Pragmatic, with the injection of new money, is now valued at about £500m. It specialises in low-cost customisation and fast production cycles, already makes smart and digital packaging to facilitate trading and tracing the flow of goods, and plans to expand into trackers and sensors for food containers, wearable health monitors, pharmaceuticals and security applications throughout the entire supply chain. What’s more, the ability of its chips to add “item-level intelligence” to trillions of consumer goods will, according to the company, help to revolutionise waste management, the reuse of materials and the recycling of what cannot be reused.

The company’s first fabrication facility for 300mm wafers, at Pragmatic Park in Durham, in the north-east of England, will come online by the year end and the new funding will help to pay for two new production lines (the company’s third and fourth) that will be built over the next couple of years. During the next five years, the company plans to construct at least eight new manufacturing lines in the UK, with each line able to produce billions of chips per annum. In total, more than 500 highly skilled jobs will be created in the UK as a result.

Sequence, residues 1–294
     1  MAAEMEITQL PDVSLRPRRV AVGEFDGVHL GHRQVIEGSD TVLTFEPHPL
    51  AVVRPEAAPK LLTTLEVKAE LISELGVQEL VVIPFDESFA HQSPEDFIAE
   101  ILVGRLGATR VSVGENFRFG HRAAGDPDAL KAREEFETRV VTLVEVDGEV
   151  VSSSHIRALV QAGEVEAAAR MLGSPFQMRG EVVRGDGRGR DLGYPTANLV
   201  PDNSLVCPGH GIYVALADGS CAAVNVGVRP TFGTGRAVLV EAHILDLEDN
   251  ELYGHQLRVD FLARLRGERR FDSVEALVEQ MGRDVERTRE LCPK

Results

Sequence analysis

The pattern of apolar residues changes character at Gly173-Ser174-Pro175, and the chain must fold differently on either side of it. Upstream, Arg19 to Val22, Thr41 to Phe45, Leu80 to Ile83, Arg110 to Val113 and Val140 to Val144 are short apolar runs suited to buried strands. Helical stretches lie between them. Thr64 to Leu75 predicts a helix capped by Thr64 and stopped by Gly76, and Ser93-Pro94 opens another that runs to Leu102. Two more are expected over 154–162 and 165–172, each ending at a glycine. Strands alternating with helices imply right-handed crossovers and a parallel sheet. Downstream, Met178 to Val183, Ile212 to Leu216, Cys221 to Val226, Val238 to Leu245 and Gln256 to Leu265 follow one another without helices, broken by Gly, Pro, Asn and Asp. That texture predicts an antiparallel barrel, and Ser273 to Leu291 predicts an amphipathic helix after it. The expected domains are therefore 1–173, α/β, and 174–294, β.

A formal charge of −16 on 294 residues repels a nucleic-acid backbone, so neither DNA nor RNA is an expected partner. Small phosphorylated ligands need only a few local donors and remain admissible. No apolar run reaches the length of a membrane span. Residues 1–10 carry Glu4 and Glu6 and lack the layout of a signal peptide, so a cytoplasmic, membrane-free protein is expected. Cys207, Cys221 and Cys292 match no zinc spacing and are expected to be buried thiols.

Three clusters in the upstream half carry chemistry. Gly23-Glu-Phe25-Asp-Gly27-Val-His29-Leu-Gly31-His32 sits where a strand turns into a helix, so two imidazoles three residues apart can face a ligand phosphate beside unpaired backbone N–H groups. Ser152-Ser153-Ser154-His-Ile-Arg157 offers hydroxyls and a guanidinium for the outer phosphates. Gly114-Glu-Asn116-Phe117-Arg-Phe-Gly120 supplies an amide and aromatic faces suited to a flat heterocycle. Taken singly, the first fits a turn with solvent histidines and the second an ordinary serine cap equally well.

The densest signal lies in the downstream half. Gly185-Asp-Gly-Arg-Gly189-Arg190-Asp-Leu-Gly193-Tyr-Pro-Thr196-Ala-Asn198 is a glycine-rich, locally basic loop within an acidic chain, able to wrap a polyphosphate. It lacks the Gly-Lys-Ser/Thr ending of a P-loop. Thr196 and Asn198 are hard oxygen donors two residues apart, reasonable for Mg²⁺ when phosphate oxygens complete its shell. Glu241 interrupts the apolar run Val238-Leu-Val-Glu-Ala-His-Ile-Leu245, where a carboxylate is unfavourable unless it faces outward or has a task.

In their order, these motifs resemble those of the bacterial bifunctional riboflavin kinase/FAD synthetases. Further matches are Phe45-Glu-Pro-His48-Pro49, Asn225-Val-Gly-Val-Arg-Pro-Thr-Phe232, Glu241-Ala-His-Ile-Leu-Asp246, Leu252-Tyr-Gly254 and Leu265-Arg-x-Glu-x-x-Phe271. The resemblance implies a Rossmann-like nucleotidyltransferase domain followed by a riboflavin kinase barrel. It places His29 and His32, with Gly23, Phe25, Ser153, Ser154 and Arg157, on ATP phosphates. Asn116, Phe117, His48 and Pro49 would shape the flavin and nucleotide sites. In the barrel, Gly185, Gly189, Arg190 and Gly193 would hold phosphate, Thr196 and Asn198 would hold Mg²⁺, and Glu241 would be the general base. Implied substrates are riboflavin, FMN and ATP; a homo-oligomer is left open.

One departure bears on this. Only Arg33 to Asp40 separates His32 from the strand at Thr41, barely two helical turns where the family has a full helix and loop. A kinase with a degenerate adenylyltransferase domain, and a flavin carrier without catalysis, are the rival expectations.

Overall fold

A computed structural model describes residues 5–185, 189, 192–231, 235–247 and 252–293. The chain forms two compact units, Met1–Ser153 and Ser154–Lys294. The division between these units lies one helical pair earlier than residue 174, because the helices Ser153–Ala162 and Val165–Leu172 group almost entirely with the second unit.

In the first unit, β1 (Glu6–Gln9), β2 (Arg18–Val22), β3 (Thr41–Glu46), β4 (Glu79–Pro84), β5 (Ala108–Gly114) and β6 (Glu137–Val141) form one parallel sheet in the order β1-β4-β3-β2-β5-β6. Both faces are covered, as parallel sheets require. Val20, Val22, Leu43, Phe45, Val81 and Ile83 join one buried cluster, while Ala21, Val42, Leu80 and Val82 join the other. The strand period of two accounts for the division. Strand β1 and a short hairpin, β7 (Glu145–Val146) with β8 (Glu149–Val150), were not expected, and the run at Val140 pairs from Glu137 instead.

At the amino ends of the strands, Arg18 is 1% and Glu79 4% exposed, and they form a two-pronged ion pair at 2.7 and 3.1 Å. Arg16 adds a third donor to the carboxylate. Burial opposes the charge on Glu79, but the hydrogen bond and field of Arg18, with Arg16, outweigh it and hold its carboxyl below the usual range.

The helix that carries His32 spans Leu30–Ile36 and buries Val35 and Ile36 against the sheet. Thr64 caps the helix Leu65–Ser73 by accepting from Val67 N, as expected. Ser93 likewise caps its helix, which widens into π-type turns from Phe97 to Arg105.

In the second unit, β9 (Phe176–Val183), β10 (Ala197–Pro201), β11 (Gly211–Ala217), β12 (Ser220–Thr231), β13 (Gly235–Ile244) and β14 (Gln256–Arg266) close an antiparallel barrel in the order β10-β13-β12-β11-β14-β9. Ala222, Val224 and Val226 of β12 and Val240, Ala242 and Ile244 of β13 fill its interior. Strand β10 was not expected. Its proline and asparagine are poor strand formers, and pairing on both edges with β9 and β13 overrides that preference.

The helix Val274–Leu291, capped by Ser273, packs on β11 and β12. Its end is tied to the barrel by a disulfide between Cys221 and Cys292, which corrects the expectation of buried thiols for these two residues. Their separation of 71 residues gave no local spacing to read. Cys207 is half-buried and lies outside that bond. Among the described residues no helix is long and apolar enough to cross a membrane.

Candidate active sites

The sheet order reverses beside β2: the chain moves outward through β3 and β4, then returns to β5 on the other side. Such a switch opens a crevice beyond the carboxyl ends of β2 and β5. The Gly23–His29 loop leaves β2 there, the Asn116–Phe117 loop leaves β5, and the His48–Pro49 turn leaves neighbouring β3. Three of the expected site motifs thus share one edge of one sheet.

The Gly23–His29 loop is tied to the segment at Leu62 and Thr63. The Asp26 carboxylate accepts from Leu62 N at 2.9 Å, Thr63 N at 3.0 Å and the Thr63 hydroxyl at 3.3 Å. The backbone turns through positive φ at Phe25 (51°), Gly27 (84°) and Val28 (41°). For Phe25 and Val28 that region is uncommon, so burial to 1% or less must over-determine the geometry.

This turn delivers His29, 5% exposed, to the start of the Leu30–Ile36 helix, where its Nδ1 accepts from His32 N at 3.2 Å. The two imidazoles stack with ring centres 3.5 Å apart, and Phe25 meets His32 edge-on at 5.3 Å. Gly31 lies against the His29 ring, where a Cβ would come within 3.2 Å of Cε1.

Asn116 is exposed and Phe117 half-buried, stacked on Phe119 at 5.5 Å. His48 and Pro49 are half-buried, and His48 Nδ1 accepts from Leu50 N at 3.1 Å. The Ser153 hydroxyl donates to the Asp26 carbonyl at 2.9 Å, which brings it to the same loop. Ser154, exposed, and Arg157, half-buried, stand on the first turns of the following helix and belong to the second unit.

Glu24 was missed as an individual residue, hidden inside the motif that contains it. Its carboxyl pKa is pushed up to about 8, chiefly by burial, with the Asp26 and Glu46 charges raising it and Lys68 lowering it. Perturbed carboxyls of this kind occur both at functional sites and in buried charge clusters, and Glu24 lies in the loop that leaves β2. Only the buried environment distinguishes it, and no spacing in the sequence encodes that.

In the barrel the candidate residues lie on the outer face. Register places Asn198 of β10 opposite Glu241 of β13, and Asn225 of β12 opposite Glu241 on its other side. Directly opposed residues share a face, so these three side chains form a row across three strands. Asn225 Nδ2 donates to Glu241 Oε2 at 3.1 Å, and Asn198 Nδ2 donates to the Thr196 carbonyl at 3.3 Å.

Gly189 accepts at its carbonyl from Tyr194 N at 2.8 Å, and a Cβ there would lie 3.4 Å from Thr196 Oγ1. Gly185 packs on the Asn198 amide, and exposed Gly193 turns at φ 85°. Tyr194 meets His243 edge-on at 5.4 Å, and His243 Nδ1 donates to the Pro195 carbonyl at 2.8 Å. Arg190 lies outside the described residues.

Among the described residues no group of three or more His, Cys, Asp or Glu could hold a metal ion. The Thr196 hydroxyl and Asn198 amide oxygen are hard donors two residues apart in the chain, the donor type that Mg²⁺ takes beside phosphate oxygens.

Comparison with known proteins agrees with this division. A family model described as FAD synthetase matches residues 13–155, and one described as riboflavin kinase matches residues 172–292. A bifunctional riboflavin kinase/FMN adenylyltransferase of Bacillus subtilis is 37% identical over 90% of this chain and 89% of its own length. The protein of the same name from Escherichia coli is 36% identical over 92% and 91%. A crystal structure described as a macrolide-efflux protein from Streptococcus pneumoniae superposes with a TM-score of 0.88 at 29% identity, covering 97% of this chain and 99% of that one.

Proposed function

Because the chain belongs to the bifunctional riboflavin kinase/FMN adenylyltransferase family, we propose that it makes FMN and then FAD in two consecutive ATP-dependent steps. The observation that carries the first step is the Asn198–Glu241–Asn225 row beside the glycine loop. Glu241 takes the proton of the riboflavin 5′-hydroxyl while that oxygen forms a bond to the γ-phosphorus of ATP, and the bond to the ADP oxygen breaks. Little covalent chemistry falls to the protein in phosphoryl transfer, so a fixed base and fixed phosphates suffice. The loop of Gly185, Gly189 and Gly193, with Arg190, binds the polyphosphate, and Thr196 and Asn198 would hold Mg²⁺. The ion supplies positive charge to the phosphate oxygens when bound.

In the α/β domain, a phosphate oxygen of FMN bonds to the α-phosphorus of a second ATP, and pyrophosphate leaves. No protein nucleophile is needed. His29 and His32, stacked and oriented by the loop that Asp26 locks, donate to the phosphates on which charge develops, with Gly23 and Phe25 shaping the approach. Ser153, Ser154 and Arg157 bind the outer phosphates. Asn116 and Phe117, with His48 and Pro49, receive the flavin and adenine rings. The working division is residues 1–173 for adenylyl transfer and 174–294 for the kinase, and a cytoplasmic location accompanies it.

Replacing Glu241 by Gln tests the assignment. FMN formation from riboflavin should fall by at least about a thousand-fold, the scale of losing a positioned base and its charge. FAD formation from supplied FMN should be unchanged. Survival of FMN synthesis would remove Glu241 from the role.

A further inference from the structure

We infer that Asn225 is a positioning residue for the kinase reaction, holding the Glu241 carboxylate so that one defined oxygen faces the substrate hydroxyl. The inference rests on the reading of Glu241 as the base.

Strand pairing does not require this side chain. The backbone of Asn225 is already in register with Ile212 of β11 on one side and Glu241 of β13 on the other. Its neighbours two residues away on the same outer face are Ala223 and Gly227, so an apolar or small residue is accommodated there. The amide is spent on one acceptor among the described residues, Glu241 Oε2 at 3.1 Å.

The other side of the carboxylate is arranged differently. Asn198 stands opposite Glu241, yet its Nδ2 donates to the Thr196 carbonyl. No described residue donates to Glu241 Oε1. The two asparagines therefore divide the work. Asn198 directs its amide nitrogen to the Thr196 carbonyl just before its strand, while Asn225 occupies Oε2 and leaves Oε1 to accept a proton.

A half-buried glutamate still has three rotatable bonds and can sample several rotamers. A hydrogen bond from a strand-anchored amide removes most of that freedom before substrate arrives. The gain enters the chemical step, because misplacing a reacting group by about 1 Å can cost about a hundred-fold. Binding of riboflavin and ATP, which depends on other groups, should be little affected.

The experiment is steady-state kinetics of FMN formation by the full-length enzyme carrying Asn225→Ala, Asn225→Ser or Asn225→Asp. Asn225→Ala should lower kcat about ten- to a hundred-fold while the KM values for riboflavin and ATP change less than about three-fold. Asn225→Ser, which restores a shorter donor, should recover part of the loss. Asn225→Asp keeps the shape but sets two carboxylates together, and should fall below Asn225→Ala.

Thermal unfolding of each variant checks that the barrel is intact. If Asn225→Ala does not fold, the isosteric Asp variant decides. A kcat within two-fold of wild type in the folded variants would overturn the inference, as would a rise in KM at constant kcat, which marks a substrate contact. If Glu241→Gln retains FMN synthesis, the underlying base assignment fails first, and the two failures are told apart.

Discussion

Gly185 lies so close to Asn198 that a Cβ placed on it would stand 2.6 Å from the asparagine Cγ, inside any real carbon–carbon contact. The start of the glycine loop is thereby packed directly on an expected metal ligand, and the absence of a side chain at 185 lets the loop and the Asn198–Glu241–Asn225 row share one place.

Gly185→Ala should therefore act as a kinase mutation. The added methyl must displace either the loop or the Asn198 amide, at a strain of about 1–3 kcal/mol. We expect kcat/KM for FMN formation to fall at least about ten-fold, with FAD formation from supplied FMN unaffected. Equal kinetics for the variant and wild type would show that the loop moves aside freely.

Following shortages of silicon chips as a result of global supply chain issues caused by Covid-19 around the world and growing geopolitical tension, the US, Europe and many other parts of the world are trying to lessen their dependence on Chinese technologies by developing and producing their own key components. Thus, in the US, huge sums of money are being spent on building new chip production factories on home soil. However, the current UK government is markedly less ambitious and, back in May, revealed a (heavily criticised) national semiconductor strategy that includes funding of “up to” £1bn – a drop in the ocean compared with what the US is spending.

Despite its undoubted strategic national importance, the UK government has tacitly admitted that the country can’t afford to build a global presence in the mass production of semiconductors and is unlikely to attract any meaningful investment from the likes of Samsung and its ilk, and so the national focus will be on innovative chip design rather than manufacture.

Hence the flood of money into Pragmatic Semiconductor. It’s a real vote of confidence in UK chip manufacturing on the part of British investors and comes six months or so after Pragmatic’s co-founder, Scott White, less than subtly opined that if the British government can’t or won’t help support the British chip industry in any enthusiastic and meaningful way, then the company might up sticks and move its operations to the US. 

And what of the other UK chip firm that has been in the news in recent years, namely Newport Wafer Fab? This has just been sold to the US semiconductor firm Vishay for $177mn after the UK government stepped in to compel Chinese-owned Nexperia to divest itself under the terms of Britain’s National Security and Investment Act.